A number of blog contributors have enquired about their son/daughter dropping mathematics.
The difference between junior high school and senior high school is more dramatic than many people realise. This has been highlighted by a number of blogs I have read on various forums such as ‘boredofstudies’ and ‘whirlpool’. There are some common themes that seem to resonate with a few of contributors to these blogs. Indeed I have also added some thoughts. A common complaint concerns teacher/student discord. Unfortunately, when this occurs the only loser is the student. And the results can be devastating if the situation continues. A number of blog contributors have enquired about their son/daughter dropping mathematics because of such a situation.
In response to one I wrote:
“As a mathematics coach, it pains me to say this but I agree with your daughter. Many years of teaching experience has confirmed that the classroom teacher is largely instrumental in the success or failure of his/her students. If you daughter has a problem with the teacher then it is better to extricate her from that class unless there is a possibility of resolving the problem. She can do this by dropping to the lower level mathematics or else, dropping mathematics entirely. I have seen too many students fail because of a poor student/teacher relationship.”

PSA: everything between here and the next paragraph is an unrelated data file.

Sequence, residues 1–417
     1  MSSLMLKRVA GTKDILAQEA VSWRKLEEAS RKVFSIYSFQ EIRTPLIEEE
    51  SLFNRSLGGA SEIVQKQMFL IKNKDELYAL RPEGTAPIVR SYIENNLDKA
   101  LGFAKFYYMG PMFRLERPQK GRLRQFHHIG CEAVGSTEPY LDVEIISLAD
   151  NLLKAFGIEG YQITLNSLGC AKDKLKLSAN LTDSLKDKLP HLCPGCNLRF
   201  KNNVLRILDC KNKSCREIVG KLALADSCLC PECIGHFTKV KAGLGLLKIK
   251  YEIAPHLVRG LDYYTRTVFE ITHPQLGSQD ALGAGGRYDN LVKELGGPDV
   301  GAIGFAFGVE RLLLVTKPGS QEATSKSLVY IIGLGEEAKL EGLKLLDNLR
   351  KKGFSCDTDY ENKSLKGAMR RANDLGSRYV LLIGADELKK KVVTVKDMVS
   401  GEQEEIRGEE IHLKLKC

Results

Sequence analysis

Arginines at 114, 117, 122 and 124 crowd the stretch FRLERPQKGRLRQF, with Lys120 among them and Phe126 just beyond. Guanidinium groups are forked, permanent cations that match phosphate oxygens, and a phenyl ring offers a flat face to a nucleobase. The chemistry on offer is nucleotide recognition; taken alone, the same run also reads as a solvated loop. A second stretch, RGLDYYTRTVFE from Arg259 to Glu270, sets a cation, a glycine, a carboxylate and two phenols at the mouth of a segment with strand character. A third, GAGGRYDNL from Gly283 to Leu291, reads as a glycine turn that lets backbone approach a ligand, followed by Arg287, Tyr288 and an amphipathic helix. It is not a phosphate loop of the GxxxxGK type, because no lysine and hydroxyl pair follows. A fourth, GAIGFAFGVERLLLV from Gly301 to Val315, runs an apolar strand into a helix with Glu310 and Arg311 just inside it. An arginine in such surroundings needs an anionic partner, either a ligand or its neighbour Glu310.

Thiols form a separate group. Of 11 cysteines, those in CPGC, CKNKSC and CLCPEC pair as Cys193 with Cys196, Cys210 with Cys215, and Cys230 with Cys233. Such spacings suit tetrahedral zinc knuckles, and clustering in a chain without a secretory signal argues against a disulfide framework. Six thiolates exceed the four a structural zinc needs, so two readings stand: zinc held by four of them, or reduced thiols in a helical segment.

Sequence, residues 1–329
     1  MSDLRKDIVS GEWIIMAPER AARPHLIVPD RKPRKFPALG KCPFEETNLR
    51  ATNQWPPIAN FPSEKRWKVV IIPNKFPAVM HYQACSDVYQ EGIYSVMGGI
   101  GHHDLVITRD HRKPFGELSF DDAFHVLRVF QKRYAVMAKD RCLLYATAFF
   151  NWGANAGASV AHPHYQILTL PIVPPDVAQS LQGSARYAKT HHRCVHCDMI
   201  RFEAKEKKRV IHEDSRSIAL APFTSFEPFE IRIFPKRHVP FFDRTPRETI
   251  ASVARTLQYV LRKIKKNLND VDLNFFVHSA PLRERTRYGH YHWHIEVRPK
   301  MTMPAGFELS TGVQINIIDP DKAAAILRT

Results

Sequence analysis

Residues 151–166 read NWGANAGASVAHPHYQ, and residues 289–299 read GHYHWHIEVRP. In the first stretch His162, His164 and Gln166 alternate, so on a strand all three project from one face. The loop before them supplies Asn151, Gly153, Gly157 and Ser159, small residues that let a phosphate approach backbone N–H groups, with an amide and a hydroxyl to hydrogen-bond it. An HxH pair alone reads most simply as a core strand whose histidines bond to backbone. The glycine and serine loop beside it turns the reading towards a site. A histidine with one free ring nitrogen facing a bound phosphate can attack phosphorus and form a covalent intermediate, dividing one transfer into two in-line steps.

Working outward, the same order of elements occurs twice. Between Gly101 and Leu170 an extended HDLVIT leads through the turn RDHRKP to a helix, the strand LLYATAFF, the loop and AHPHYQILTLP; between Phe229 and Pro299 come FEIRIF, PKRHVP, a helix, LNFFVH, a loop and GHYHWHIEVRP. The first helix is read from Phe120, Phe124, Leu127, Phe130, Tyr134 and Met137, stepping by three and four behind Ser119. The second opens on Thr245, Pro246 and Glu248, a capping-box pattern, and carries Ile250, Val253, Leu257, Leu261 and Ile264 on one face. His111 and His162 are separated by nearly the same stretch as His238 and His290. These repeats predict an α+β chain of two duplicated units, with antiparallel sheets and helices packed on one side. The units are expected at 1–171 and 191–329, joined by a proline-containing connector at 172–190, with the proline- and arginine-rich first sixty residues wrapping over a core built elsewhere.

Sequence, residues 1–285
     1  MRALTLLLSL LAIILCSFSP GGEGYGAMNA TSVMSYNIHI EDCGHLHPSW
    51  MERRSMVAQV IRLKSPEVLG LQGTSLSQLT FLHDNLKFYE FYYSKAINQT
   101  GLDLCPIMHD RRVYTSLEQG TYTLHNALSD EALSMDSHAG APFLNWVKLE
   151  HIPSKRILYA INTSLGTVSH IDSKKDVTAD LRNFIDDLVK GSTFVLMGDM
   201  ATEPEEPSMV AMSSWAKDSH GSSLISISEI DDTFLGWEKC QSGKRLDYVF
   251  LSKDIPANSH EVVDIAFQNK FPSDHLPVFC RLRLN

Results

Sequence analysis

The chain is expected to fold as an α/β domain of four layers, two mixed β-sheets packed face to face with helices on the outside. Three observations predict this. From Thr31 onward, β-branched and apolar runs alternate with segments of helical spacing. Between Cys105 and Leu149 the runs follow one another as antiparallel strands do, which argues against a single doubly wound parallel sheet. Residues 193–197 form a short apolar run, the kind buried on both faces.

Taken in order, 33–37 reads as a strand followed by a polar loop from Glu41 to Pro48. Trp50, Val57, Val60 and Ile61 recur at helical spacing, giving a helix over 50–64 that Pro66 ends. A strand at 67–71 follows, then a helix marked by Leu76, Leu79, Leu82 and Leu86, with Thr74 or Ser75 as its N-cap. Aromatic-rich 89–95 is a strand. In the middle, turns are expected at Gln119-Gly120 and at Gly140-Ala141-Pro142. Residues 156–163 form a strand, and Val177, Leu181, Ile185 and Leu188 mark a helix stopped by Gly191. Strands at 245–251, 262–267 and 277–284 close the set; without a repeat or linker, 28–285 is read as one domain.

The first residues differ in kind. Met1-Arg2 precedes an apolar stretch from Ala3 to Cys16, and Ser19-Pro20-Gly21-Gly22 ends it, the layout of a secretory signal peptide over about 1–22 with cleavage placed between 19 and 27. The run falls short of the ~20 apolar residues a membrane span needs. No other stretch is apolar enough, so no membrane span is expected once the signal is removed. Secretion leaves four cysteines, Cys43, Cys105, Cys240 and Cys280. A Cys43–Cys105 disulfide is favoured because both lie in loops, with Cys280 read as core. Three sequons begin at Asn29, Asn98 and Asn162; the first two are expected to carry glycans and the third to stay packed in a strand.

“If you daughter has a problem with the teacher then it is better to extricate her from that class unless there is a possibility of resolving the problem.”
This is simply making the best outcome from a failed situation and is certainly not ideal. There is an alternative solution. That is to employ a reliable coach to compensate for the failings of the school. I am biased towards this second alternative because I am a mathematics coach and my income is derived from this activity.
Again the second suggestion is not ideal because the parent has already paid for their child’s education (through school fees and taxes) and is now required to pay further money to resolve the problem if this second pathway is followed. The choice remains with the parents.
See: The Western Weekender